Beinn Ime - 1011m
Saturday 29th December 2007
Weather/Conditions: Overcast at the bottom and cloud was at 2000 feet. So upper reaches of the mountains were in mist, however the summits were just appearing through the clouds. Snow was above 2000 feet and rather thick on the summits, but underfoot, there was incredibly minimal ice, which was a bonus. there was also very fine icy falling, meaning everything that was exposed was covered in a fine dusting of ice. Wind was minimal, but was
stronger on the summit of Ime and back down to Arrochar.
Distance/Ascent/Time: 10km / 930m / 5h 35m
Accompanying: Dave "Dink" Macmorris
Ascent of Luibhean
We started 9.20am. To get to the top of Beinn Luibhean as safely as possible we'd need to contour around the side and then approach from the south, which I knew from seeing the mountain before could be done safely. Initially there were a lot of bogs, and a lot of rivers to cross. Everything on the way to the summit was to be over rough terrain, so the going was slow. The slopes were also steep, and we headed in a diagonal upwards, gaining height and horizontal distance together. The side was covered in small streams that we'd have to walk around, carefully to, and then jump across and then continue. It was a tedious process where we were certainly being required to earn every inch of our ascent. The slopes were also very steep, so care was required, but I wasn't concerned in the slightest really. There was one point where I sort of realised that a fall would have grave consequences as I was about to make an uncertain move over a rock, but I went back and took a safer route across. The slopes were just grassy, not too wet, so everything felt positive. I just wanted to make some headway, and get somewhere instead of battling our way past the lower slopes. Although after a while, the ground began to flatten out. Above us, cloud obscured most of the snow, although we could see some.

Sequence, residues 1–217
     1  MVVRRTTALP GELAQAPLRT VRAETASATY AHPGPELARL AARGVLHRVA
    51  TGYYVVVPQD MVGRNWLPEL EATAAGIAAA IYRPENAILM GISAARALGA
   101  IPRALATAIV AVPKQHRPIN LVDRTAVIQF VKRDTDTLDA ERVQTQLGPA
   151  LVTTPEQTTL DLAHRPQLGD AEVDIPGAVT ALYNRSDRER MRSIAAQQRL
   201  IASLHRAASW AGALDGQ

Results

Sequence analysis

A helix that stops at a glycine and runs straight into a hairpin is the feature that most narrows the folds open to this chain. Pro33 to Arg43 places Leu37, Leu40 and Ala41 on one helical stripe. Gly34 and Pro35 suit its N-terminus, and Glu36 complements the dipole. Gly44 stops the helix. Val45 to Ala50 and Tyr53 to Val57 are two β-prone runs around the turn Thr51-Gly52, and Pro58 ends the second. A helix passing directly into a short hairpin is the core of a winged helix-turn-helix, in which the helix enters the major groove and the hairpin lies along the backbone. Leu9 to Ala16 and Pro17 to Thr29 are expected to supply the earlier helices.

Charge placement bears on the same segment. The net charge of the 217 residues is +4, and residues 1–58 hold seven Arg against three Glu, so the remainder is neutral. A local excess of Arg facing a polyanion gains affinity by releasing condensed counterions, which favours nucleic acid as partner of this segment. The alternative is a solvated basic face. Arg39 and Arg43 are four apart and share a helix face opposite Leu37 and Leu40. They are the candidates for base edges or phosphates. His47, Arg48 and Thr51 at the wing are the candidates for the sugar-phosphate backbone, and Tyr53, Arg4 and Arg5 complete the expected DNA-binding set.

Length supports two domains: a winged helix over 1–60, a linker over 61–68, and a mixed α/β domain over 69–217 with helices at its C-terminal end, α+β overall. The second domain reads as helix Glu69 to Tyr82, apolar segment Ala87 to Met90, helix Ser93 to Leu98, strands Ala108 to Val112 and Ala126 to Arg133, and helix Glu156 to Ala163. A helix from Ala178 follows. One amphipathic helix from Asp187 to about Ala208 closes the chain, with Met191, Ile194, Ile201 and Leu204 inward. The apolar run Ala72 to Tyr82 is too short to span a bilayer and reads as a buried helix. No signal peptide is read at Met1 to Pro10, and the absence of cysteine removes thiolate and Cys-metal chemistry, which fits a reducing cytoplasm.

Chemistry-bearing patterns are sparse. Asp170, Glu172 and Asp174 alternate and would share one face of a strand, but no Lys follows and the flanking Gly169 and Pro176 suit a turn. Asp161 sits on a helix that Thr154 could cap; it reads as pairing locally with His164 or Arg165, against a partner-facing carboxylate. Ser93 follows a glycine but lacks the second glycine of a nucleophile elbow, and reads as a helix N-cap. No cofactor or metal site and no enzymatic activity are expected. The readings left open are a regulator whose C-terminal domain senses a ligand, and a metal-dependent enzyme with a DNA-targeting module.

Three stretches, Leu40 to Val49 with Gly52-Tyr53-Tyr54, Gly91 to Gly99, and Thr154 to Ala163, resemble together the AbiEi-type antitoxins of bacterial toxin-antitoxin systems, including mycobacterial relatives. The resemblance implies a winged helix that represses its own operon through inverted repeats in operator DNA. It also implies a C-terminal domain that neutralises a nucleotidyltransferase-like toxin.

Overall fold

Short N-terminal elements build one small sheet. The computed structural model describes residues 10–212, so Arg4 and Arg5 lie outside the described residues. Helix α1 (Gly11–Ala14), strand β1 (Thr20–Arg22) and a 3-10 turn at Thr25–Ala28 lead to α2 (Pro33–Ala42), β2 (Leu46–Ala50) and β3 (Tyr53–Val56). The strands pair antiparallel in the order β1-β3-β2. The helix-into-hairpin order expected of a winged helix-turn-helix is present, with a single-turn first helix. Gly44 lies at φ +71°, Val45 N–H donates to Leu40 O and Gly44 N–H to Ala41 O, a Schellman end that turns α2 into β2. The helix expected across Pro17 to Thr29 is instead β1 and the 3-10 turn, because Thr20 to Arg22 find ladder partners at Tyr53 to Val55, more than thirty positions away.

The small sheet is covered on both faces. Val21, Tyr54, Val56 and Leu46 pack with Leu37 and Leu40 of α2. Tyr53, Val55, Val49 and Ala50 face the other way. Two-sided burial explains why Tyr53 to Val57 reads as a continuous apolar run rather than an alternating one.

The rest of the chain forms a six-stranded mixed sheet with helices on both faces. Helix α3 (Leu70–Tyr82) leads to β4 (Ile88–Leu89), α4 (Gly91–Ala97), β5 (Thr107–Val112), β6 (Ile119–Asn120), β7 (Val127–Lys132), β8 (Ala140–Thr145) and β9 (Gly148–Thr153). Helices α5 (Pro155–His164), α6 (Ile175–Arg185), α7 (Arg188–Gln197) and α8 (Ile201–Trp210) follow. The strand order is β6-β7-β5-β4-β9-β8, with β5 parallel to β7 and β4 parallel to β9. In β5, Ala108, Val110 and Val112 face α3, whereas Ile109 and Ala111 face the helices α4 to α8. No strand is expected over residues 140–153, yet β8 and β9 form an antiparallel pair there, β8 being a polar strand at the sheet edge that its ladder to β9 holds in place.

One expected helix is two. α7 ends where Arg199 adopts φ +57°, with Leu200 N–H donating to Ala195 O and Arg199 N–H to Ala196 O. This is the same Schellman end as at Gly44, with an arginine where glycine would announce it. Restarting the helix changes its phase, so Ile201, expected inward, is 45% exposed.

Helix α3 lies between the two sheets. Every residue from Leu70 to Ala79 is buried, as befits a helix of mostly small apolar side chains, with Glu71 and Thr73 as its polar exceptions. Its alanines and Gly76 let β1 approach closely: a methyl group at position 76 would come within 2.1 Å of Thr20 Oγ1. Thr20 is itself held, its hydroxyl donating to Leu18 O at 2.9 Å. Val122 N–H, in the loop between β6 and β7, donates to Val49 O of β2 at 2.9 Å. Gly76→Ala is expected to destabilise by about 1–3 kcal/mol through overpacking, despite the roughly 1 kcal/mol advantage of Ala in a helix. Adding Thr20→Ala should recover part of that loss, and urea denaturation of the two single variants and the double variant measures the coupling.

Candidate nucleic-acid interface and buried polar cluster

We stood on a flat section, essentially a bog in places, and a small corrie was off to our left. I wasn't keen on going straight up there, because there was a chance then we'd get into trouble (although it was a direct way to get to the summit). In front of us was the ridge, and to get up required a sharp ascent up steep slopes, yet once we were up there, I was confident we'd be clear to head straight for the summit. We began pacing ourselves, and slowly worked our way up the side. We gained a lot of height quickly but it was a hard push. We got onto the ridge, and were now just below the cloud base.